Harrison’s inspirational motives aside, “Think for Yourself” does show a divergence into topics unrelated to happy or unhappy love relationships. The Beatles of Rubber Soul are now composing story songs, wryly humorous songs, and this track: a blunt statement of utter disgust. Variety was the order of the day. And the LP’s diversity certainly appealed to New Musical Express critic Allen Evans, who upon Rubber Soul’s release wrote: “[The] great thing about this LP is that The Beatles are finding different ways to make us enjoy listening to them.” (Spizer, 200)
- A Willingness to Create a Non-Commercial Song – All of The Beatles had to have realized that “Think for Yourself” would not be a chart-topper. However, since it always took four “yes” votes for a track to be accepted onto a Beatles’ LP, all four boys had to have approved the track. The lads have come a long way from the days of “Tell Me Why” and “From Me to You” when songs needed to be sure-fire hits, sometimes lacking in depth. The Beatles are now reaching for something more significant than popularity. They are endeavoring to make a statement, to say something they feel is important. It’s a risk, but by October of 1965, The Beatles are in perfect position to chance this. From Rubber Soul on, their songs will increasingly address thoughtful and solemn subjects such as taxes, runaways, depression, death, loneliness, and revolution. The boys (now men) are no longer simply “chart toppers.” They are becoming the multi-faceted “Spokespersons of an Era.”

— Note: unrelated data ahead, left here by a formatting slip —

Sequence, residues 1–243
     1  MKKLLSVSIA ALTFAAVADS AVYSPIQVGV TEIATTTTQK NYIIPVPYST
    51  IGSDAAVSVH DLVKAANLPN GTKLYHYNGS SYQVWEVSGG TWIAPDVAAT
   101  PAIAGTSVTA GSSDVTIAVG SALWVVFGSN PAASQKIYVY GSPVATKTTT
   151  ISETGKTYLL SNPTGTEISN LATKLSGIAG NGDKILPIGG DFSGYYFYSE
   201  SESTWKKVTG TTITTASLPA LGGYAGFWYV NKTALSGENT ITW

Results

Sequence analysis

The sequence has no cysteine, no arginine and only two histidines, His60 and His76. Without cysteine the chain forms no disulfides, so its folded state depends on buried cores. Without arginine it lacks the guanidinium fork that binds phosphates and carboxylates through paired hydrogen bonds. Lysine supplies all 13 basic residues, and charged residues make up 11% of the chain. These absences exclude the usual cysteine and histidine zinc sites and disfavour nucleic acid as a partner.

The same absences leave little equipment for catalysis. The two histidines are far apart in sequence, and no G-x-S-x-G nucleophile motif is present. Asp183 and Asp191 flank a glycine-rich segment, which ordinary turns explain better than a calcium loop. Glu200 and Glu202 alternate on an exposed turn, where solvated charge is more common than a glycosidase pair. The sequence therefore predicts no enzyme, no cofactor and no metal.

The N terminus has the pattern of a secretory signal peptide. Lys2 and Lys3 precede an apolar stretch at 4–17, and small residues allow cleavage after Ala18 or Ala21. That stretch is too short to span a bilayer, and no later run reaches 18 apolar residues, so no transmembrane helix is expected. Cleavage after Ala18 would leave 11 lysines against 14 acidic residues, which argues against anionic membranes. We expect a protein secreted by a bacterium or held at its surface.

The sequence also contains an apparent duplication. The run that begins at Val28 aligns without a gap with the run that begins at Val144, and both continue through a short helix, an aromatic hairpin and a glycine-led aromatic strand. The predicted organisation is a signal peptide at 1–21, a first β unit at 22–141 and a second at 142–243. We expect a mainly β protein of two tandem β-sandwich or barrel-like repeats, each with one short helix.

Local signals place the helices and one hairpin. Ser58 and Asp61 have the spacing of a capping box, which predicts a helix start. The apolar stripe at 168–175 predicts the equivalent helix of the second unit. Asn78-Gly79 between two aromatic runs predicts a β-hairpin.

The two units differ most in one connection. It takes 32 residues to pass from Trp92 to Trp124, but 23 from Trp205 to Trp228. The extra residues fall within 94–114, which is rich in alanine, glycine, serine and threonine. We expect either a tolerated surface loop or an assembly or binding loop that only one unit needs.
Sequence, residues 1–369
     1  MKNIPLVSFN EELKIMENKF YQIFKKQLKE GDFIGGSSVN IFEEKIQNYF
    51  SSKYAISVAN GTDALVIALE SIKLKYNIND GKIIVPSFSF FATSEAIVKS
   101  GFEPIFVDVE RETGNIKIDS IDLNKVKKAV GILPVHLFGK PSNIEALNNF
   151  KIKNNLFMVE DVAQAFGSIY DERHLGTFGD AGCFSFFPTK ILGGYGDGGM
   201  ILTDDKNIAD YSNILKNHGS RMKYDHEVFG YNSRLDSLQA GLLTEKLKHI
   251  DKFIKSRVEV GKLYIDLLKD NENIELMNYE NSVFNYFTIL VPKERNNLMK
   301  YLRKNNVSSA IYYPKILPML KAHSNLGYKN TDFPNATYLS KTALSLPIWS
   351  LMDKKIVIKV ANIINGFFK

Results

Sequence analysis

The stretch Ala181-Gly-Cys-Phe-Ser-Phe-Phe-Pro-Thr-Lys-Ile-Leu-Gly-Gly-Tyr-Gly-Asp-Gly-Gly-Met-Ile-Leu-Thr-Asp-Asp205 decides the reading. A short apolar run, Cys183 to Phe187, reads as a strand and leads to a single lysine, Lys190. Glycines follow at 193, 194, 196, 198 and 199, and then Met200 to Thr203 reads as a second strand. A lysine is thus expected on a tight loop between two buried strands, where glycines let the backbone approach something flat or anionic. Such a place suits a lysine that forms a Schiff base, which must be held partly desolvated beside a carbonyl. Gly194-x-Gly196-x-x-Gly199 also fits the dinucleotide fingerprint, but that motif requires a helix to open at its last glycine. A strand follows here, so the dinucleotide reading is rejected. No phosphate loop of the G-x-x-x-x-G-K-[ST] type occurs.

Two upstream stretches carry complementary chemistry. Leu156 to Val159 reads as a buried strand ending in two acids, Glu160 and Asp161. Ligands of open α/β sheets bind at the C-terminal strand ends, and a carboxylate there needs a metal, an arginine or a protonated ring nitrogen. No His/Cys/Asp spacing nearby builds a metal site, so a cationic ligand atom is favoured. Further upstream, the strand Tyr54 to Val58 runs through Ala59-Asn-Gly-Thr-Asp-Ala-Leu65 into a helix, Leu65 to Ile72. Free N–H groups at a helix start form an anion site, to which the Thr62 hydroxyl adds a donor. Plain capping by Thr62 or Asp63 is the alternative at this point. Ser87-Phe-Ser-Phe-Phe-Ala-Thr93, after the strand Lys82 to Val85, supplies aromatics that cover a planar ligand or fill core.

- A Maturing Sound – George Harrison certainly played a pivotal role in introducing strange, innovative, complex new sounds to The Beatles’ catalog. Even his very first offering, “Don’t Bother Me,” was written in a minor key during an era where most Beatles songs were bright and replete with major chords. Here, the melody line of “Think for Yourself” is extremely complex. Indeed, Jerry Hammack, in his excellent work The Beatles Recording Reference Manual, Vol. 2, states, “Martin and the technical team had the daunting task of recording the performances verse by verse, as the trio found it difficult to master the B-flat to C to G7 harmony progressions. Once this painstaking work was finished, recording on the song was completed.” (p. 91)
- A Double Shot – Following the trend set on the Help! LP, George Harrison is permitted to write/sing two songs, one on each side of this record (the second track being “If I Needed Someone”). The next “promotion” will occur on Revolver, when George will serve up the LP-opener, “Taxman,” and will be allotted three tracks!
It’s an honor to welcome Janet Davis this month to give us a fresh, new look at this George Harrison track. Attending her first “Beatlefest” in 1979, Janet has been an integral part of various expert panels at The Fest for Beatles Fans, including the Historians Panel. She is on the editorial staff for one of only two extant Beatles fanzines in the U.S. today, Octopus’ Garden. And recently, Janet served as editor for the upcoming book about North American Beatles Fan Clubs by author Sara Schmidt, Dear Beatle People.
Jude Southerland Kessler: Janet, across the board, Beatles music critics point out that the lyrics of “Think for Yourself” are rather pedantic. To what are they referring? And is George’s tendency here, to teach or preach, a “clue to the new direction”? How does “Think for Yourself” prefigure later Harrison songs?
Janet Davis: As you noted above, Jude, George himself never fully explained what the song is about. He said in I Me Mine (1980), “…I don’t quite recall who inspired that tune. Probably the government.” The lyrics can be read as dialogue with a former romantic partner, dislike of bureaucracy, self-motivation, or any combination of these themes. The overarching message is that each of us should listen carefully to our inner selves above all else.